This new technology is also able to significantly reduce the time needed to grow these materials. While the previous approach required more than one day to grow a single layer of 2D material, the new approach can grow a uniform layer of TMD material in less than one hour across an 8-inch wafer.

Due to its fast speed and high uniformity, this new technology allows researchers to successfully integrate layers of 2D materials onto much larger surfaces than has been previously demonstrated. This makes their method more suitable for use in commercial applications, where wafers that are 8 inches or larger are key.

“Using 2D materials is a powerful way to increase the density of integrated circuits. What we do is like building a multi-storey building. If you only have one floor, which is a conventional case, it won’t accommodate many people. But with more floors, the building will accommodate more people which can make amazing new things possible. Thanks to the heterogeneous integration that we are working on, we have silicon as the first floor and then we can have many floors of 2D materials integrated directly on top of it,” said Jiadi Zhu, an electrical engineering and computer science graduate student and co-lead author of the paper on the new technique. This.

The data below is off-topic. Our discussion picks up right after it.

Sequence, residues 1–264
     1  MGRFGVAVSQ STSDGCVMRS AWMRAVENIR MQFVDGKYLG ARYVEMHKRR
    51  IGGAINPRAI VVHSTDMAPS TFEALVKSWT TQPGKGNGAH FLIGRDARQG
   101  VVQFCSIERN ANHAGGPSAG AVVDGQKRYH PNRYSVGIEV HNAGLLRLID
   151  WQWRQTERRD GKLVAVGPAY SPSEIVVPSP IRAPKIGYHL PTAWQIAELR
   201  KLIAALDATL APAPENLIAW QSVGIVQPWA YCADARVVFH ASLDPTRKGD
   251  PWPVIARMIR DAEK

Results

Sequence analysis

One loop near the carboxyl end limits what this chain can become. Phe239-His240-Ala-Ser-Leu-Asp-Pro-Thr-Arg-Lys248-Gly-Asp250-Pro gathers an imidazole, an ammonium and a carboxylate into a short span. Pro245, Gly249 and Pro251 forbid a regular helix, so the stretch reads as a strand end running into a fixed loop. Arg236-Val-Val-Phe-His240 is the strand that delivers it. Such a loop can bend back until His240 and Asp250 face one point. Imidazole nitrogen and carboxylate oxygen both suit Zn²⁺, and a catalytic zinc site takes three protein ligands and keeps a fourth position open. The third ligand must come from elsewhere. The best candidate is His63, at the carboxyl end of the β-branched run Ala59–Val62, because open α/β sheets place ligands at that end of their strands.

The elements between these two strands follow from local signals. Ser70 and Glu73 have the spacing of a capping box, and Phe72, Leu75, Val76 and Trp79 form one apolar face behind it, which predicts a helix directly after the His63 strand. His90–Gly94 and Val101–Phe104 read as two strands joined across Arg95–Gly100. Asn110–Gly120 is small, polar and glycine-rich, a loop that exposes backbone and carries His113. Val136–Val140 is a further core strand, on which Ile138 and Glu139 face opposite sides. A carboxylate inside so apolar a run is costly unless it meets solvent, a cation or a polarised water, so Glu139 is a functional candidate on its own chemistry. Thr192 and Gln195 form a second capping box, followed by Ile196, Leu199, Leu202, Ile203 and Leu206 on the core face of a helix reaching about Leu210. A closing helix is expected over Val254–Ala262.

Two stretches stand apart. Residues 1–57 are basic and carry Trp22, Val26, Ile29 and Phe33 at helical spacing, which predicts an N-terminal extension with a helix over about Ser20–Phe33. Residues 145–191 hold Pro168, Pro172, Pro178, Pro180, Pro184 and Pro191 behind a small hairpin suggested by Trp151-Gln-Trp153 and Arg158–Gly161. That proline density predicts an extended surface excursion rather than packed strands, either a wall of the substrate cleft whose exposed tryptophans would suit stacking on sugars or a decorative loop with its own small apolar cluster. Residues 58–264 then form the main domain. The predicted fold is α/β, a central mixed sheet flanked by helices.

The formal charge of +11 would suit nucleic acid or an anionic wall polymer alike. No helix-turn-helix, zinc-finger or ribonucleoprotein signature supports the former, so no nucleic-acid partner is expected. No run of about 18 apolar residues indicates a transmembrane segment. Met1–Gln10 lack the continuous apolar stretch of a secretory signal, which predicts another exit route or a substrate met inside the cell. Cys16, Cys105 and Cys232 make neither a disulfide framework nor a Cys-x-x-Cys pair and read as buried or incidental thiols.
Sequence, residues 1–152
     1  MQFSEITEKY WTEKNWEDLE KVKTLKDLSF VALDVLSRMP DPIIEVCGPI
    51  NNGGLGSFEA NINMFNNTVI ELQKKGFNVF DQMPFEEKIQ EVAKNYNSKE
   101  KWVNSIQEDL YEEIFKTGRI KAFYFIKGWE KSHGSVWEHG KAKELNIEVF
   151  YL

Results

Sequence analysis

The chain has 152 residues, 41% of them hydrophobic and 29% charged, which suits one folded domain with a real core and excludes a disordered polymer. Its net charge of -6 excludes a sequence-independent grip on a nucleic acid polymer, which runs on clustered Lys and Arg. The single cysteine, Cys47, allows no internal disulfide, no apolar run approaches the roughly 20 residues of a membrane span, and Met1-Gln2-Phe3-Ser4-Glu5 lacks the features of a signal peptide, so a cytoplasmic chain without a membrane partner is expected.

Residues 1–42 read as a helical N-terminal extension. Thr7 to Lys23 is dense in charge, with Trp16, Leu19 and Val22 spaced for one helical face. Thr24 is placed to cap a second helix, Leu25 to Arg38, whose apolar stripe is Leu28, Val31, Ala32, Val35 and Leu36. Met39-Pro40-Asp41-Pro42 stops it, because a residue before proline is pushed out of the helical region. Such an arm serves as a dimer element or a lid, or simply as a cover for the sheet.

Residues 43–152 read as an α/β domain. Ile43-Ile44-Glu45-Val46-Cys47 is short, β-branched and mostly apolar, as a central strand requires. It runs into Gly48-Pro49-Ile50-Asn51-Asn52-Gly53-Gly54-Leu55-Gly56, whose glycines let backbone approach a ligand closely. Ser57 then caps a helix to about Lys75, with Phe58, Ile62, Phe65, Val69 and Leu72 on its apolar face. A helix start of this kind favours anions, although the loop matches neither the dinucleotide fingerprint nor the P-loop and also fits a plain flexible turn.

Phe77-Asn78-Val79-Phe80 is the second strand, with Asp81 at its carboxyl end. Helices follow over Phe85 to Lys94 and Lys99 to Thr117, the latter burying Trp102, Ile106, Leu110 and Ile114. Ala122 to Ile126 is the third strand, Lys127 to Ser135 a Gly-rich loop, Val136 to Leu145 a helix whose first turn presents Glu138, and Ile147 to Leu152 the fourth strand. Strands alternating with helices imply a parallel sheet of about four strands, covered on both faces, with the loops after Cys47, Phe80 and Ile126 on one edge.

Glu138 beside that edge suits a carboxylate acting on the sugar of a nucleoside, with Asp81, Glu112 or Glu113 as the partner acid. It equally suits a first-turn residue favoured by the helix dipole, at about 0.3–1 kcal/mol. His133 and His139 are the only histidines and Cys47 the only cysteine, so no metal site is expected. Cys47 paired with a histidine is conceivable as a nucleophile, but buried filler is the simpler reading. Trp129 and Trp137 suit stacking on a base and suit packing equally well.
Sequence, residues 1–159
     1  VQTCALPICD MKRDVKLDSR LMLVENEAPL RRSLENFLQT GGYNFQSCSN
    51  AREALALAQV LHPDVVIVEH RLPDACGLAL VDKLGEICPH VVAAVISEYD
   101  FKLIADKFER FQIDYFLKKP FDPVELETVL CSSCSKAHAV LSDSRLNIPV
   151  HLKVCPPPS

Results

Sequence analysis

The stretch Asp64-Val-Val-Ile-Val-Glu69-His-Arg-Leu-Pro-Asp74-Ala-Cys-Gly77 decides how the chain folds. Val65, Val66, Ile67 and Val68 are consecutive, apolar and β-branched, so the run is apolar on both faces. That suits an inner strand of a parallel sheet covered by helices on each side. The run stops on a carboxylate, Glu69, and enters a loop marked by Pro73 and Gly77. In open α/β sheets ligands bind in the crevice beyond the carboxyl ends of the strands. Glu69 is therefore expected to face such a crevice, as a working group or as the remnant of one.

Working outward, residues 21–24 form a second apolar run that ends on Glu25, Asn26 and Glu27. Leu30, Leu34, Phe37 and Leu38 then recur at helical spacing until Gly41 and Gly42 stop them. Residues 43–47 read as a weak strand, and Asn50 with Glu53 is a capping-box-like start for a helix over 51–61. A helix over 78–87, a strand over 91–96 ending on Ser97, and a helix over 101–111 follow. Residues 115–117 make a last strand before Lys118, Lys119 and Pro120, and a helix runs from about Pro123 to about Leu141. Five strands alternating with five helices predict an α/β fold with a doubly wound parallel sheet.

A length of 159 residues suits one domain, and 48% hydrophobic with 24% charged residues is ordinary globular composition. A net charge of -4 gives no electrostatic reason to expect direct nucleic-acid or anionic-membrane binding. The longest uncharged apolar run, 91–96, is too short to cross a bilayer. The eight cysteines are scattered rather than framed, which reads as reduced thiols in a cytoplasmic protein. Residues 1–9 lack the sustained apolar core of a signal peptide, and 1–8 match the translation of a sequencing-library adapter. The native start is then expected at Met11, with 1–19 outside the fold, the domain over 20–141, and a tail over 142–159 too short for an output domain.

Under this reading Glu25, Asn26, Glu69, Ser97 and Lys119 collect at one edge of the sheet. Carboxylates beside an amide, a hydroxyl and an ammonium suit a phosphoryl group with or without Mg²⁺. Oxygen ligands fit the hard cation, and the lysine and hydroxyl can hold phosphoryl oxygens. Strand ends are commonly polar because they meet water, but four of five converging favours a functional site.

Zhu co-authored the paper with co-lead-author Ji-Hoon Park, MIT postdoc; author of the correspondence Jing Kong, professor of electrical engineering and computer science (EECS) and member of the Research Laboratory for Electronics; and Tomás Palacios, EECS professor and director of the Microsystem Technology Laboratory (MTL); as well as others at MIT, MIT Lincoln Laboratory, Oak Ridge National Laboratory, and Ericsson Research. This paper appears today in Natural Nanotechnology.

Sleek material with great potential

The 2D material the researchers focused on, molybdenum disulfide, is flexible, transparent, and exhibits strong electronic and photonic properties making it ideal for semiconductor transistors. It consists of a layer of one molybdenum atom sandwiched between two sulfide atoms.